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Habitat: Coastal


The Rockwarbler is found on Hawkesbury and other Sydney sandstone formations and nearby limestone formations. It is usually found around rocky outcrops, in steep rocky gullies and usually near water, including along sea-cliffs in coastal areas.


The Rockwarbler nests in caves, usually in near or complete darkness.


The Rockwarbler mainly eats insects and sometimes seeds. It forages on the ground and in low branches, probing for insects in rock crevices, in caves and under ledges.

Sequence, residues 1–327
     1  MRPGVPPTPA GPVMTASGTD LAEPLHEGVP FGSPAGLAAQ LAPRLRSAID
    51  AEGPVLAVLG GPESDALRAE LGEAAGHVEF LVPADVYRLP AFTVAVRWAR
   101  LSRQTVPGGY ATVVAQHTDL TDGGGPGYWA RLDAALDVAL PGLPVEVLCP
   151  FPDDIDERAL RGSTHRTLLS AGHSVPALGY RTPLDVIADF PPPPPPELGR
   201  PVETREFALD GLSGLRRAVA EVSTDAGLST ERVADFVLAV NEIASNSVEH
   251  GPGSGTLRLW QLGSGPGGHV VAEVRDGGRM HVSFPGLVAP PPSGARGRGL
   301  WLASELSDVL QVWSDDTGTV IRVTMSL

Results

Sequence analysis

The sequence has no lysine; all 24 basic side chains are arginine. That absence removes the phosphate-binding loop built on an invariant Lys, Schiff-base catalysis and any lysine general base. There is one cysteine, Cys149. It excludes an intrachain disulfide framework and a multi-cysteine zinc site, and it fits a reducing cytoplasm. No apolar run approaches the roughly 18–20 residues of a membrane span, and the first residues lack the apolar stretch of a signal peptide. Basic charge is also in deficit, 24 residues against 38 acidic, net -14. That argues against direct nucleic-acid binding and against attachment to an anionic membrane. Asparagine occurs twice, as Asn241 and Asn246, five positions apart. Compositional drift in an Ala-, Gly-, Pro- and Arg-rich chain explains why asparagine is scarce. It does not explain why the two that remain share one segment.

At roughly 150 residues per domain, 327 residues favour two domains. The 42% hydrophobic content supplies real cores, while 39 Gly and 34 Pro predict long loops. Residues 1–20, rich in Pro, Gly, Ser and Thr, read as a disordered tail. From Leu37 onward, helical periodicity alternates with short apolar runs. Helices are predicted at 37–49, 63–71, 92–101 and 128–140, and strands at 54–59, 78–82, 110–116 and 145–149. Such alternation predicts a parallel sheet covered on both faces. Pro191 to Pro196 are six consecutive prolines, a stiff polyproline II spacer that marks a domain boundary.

Rockwarblers live in monogamous pairs in a permanent home-range. The nest site is usually in a sandstone (occasionally limestone or granite) cave, in total or near-darkness and is re-used each year.

It will also nest in darkened buildings, under rafters, on verandahs or in house eaves. The nest is a suspended dome-shaped structure made from roots, moss, grass and bark bound together with spider webs, and has a round side entrance that is sometimes hooded.

The inner nest chamber is lined with soft materials, including feathers, fur, grasses and plant down. Both parents feed the young, which stay with their parents for some time after fledging.